Assembly approves fiscal notes on future legislation

Answering a call from some citizens and a few members, the Kenai Peninsula Borough Assembly Tuesday voted to require borough staff to provide information on the fiscal impact of costs associated with most proposed legislation.


Borough Mayor Mike Navarre opposed the use of so-called fiscal notes saying that his experience in the Alaska State Legislature left him thinking they got in the way of making laws. However, following the vote, Navarre said he would make the process work.

Above criticism claiming that citizens will hold local government accountable to cost estimates and that fiscal notes would only add more costs to the legislative process, the assembly voted 7 to 2 in favor of trying it for one year. Prior to the vote, some members of the assembly asked proponents for one example where borough legislation was off the mark financially during the 50 years of government. Critics said the process will only add costs through staff time spent preparing cost estimates for assembly and citizen consideration.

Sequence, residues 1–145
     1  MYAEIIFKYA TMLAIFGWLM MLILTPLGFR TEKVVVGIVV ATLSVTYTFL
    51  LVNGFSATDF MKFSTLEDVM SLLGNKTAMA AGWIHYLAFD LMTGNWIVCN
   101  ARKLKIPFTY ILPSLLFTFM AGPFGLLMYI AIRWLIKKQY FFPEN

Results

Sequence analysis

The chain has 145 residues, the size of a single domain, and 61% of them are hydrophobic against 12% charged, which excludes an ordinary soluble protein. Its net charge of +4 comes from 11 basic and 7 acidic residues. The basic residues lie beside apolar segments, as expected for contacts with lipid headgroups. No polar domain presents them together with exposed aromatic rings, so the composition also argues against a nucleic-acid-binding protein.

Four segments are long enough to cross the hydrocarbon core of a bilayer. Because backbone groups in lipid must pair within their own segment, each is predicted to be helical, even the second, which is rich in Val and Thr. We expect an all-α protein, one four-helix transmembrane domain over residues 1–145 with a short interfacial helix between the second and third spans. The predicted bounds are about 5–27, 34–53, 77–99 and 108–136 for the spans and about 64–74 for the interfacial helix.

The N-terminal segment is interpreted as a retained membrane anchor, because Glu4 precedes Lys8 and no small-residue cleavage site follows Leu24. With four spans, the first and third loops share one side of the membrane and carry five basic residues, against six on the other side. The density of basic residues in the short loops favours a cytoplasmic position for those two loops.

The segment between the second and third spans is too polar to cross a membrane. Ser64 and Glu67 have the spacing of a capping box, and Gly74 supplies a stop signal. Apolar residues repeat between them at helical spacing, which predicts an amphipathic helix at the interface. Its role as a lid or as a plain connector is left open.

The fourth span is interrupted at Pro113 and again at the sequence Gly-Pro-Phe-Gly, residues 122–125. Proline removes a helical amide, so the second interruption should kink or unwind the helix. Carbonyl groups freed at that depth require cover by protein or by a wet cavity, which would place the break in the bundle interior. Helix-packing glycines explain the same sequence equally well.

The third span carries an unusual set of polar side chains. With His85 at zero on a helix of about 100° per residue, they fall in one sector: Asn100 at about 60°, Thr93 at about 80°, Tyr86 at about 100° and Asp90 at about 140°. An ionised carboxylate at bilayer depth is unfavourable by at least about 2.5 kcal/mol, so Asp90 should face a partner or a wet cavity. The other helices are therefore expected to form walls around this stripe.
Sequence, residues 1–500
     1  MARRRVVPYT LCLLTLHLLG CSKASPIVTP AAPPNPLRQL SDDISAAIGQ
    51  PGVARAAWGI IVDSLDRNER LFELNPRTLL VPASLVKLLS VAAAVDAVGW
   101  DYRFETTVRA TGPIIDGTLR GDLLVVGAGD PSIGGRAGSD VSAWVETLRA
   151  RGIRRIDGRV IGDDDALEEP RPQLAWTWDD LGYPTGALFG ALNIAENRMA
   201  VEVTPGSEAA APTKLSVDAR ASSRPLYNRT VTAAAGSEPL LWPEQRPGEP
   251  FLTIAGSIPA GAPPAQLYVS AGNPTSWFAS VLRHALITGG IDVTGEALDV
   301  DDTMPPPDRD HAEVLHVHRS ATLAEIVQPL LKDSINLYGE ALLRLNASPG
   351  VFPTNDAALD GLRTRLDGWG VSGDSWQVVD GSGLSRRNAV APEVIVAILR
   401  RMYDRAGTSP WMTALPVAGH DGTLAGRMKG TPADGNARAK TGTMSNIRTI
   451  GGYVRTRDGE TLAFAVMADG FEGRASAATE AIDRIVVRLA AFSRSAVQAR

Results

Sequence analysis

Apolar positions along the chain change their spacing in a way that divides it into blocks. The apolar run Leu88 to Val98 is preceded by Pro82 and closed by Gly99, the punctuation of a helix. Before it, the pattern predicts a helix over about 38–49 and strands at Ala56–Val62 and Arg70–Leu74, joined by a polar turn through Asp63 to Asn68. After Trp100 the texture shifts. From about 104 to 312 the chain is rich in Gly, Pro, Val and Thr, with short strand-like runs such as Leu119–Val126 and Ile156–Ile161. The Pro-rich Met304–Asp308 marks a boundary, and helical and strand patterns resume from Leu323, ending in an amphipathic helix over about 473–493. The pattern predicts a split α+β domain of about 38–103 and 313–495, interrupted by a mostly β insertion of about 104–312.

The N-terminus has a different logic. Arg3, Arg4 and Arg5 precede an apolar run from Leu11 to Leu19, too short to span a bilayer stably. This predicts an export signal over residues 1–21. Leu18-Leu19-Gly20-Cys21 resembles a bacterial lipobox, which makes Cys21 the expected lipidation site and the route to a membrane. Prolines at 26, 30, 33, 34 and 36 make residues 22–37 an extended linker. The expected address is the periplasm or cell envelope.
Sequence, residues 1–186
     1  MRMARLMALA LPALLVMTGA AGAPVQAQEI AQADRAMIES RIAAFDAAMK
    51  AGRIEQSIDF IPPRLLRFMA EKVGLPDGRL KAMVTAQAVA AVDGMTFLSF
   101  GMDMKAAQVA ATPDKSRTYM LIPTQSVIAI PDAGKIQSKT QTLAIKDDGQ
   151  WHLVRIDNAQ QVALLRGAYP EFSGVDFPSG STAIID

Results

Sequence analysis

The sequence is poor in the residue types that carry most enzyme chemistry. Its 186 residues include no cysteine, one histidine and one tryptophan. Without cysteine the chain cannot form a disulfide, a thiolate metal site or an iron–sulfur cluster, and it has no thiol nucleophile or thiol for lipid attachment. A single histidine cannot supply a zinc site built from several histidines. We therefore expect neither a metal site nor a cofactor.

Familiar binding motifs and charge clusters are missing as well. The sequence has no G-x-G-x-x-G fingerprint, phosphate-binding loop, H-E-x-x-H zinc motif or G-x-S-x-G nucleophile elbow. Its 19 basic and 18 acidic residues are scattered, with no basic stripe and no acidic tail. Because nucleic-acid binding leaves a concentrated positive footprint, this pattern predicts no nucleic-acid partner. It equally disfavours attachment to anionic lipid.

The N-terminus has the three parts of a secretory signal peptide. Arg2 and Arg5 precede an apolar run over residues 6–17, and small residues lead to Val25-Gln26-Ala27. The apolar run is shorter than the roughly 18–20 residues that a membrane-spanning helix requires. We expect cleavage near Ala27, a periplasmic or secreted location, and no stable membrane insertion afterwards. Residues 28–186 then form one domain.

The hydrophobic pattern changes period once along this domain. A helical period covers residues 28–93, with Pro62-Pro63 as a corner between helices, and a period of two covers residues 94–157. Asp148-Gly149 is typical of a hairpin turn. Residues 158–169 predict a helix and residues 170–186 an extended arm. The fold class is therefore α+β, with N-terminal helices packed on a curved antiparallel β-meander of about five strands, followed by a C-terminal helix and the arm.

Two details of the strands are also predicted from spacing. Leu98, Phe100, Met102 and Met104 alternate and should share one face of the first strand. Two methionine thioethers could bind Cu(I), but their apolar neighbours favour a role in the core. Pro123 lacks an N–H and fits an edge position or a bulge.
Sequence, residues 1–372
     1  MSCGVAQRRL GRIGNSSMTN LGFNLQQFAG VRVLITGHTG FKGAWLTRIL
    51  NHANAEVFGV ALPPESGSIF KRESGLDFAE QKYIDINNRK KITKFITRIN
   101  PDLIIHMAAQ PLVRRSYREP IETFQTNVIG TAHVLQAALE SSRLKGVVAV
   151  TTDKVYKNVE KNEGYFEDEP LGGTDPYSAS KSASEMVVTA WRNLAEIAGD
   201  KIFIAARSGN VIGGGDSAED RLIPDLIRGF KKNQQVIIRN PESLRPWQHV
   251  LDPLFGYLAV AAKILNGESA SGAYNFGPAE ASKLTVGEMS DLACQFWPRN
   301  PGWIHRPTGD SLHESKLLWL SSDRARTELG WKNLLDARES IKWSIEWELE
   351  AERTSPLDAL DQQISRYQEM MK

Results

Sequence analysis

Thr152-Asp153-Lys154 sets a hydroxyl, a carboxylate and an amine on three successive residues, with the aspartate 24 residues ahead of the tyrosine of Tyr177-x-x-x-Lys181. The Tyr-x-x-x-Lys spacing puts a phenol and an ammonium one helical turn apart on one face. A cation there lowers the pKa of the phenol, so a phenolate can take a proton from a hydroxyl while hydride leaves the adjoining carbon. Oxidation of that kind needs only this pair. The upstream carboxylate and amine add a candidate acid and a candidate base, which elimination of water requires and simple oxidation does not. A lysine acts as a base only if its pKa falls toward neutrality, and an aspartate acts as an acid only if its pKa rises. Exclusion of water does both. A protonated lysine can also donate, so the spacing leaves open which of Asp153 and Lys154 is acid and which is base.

District 7 Assemblyman Brent Johnson and and District 9 Assemblyman Mako Haggerty voted against.

Fiscal notes are cost estimates on the financial effect that any proposed legislation will have on public money or budgets. They are attached to proposed legislation for leaders and citizens to consider prior to hearings and enacting votes.

Assembly President Linda Murphy proposed adopting the use of fiscal notes, which are in common use by municipal and state governments around the nation. When an administration has done its job the work will include fiscal responsibility and the cost estimates will not be a problem, she said.

After much debate, Murphy amended her ordinance to contain a bottom-end dollar amount of $5,000 and included a one year sunset date to alleviate concerns of the “onerous” burden that the use of fiscal notes brings for some at the borough.

“We may find trouble or may find it good information,” she said.

Johnson’s dislike for fiscal notes rests in his claim that he’d never seen anyone predict the future before and felt the borough existed for 50 years without fiscal notes. Calling the plan unworthy, he said, “It will waste not save.”

Haggerty offered a double criticism for the new policy calling it a redundant cost and saying that elected leaders will be held to a financial “number that may or may not be realistic.”

“It will taint or color all ordinances from here on out,” Haggerty said.


Reach Greg Skinner at


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